They said flurries and I grumbled, but didn't fear it.
On Tuesday, at the office, the overcast sky and wind chilled the air, and tiny white particles fluttered about the parking lot and surrounding forest, as though that non-existent entity had shaken its long, grey hair and let loose flakes of dandruff.
On Tuesday, those flurries melted on contact.
Thursday started of mild: no frost on the windshield, dry roads all the way to work. There was a slight breeze but nothing to chill the bones. A hoody and gloves kept me warm. On the radio, a risk of rain was promised with a chance of snow. The rain, the CBC announcer said, would carry through to Friday.
I hadn't yet stopped, this week, for my Hog's Back Project photo. Indeed, I hadn't posted any of the photos in about three weeks, and I feared that I would lose track of the ones I had already shot. I didn't relish the prospect of shooting the falls in the rain—had avoided wet days for most of the previous 42 weeks (of which, I had missed a couple)—and at the last second, before I turned onto Colonel By Drive, I diverted my course and made my way to the parking lot at Hog's Back Falls.
It was dark, just past 6:30. A few cars were in the lot: runners out with their regular group. Sometimes, I would see them warming up in the lot or just returning from their workout. There was the one lone car, parked in a corner, idling. I had seen vehicles like that, before, on Bate Island. The drivers who used this lot, though, pretty much kept to themselves, didn't approach anyone who parked in the middle of the lot or ventured toward the falls.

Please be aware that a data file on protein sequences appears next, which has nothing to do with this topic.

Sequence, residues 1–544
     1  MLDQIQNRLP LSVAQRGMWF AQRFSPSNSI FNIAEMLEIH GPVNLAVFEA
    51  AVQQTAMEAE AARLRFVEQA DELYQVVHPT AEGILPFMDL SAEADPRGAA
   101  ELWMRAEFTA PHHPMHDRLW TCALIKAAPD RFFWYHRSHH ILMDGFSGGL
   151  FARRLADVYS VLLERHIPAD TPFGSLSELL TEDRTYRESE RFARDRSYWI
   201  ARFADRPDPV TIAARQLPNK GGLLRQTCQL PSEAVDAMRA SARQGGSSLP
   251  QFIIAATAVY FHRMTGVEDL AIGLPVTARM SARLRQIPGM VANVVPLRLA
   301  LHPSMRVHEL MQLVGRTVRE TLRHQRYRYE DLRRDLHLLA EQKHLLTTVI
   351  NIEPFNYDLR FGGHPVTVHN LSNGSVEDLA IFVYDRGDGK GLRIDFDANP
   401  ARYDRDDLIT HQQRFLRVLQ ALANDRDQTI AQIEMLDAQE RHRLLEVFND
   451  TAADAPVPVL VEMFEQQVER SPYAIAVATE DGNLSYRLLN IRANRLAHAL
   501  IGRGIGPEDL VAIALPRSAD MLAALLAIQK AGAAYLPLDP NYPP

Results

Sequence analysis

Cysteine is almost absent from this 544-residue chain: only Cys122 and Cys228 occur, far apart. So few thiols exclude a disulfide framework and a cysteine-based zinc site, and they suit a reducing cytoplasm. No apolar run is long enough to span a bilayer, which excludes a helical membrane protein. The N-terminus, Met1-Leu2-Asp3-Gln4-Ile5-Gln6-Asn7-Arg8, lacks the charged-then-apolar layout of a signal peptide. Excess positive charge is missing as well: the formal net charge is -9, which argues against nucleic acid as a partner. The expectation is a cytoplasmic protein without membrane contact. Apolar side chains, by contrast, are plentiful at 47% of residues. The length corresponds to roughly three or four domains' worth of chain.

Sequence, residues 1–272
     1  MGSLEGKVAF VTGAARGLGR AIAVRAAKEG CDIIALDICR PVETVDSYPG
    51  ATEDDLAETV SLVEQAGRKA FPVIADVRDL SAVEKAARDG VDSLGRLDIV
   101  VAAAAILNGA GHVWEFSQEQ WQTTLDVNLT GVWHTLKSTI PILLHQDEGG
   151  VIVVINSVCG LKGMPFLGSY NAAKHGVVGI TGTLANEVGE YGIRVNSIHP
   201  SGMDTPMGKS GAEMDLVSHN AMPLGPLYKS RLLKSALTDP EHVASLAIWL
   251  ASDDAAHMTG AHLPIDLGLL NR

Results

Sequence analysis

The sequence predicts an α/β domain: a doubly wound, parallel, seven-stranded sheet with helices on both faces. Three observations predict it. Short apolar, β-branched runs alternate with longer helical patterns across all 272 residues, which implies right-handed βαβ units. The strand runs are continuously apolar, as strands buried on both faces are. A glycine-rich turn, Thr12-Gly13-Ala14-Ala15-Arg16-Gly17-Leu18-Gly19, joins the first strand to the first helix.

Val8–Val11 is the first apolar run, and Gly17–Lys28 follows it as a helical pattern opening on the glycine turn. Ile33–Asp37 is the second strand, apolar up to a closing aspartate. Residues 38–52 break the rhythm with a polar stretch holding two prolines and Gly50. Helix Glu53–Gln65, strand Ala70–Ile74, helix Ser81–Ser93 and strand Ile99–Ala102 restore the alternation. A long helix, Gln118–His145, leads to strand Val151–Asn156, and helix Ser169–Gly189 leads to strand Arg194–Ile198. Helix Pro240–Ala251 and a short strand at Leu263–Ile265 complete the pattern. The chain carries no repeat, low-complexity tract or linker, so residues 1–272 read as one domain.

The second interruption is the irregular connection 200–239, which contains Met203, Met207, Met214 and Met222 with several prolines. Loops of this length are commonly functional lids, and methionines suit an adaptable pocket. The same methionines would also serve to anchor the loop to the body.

This park is a safe one.
Although it was only a couple of degrees above the freezing point, it didn't feel very cold. I left my gloves in the car and held the one leg of my tripod that is covered by a foam grip. Sadly, the flashlight that I keep in my camera bag was dead, so I had to trust that I knew my way on the path well enough not to trip.
At the lookout, I extended the tripod and tucked it into the corner of the rail that protects the sightseers from a steep drop into fast-moving water. I focused on the bridge, turned off the automatic focus, and mounted the camera on the tripod, dialing the zoom lens to the 24mm position.
I use the trunk and overhanging branch of a nearby tree as a framing bracket for the top of the viewfinder and the left-hand side. It's not perfect, but it's been close enough. The camera has a built-in level, which I can see on the viewing screen, and once I'm lined up, I take my shot.
It was a 30-second kind of morning, so I dialed the aperture until the shutter speed indicated half a minute: f/4.
Cars of all shapes and sizes traversed the bridge in that 30 seconds. As luck had it, a few giant pickup trucks with several bright spotlights on their grill drove by, lighting the maples across the road, bringing their autumnal splendor to life.
As per usual, I reset the camera and took a couple more shots. I take at least three, in case something screws up. On each, I double-check the exposure. On the small view screen, my eyes aren't good enough to see if the image is in focus, but that rarely seems to be a problem.
It was the second shot that was the best. Early morning, before sunrise, on a crisp autumn day.
Before the storm.